This personal combat between the over-king and Ammon seems perplexing. First, it was far from an equal contest. Even without Yahweh’s help, Ammon was a young man in his prime and obviously skilled in arms, while the king is “old” (v. 24). Second, it was unthinkable that the king was traveling alone; why did his companions not intervene, at least to protect him or, even more likely, to attack this enemy?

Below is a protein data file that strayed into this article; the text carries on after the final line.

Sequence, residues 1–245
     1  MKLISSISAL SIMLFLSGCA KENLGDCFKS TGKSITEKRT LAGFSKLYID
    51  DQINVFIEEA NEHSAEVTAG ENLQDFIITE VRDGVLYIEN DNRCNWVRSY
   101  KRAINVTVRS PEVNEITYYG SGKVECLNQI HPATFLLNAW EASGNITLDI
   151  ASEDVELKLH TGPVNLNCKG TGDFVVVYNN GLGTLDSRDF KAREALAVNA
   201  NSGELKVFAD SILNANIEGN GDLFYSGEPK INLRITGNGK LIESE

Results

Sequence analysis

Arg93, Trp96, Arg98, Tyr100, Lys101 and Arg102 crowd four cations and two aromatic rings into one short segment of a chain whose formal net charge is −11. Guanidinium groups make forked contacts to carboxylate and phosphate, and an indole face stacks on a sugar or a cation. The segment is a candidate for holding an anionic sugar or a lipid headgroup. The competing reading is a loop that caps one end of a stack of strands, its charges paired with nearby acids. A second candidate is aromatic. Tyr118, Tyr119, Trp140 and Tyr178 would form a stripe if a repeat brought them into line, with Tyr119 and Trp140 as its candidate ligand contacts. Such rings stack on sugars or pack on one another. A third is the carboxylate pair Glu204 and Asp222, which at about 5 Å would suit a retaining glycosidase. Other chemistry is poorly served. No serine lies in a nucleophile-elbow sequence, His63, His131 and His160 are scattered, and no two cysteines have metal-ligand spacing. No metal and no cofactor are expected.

The solution to these textual dilemmas must be found in the ethic of individual combat that is the hallmark of Mesoamerican warfare. Such personal conflicts were the essence of the warrior’s craft, and it would not be surprising to find a king, even an aged one, participating in battle. The Maya king Itzamnaj B’alam II of Yaxchilan was recorded as taking a war captive when he was in his eighties. Schele and Matthews note: “Emphasis was always given in the Maya monuments to the ‘single-combat’ nature of warfare—to the many one-on-one struggles within the larger context of the battle itself.” If the conflict between Ammon and Lamoni’s father, which escalated from words to blows, was an individual battle in the Mesoamerican tradition, then it is clear why others neither assisted nor interfered.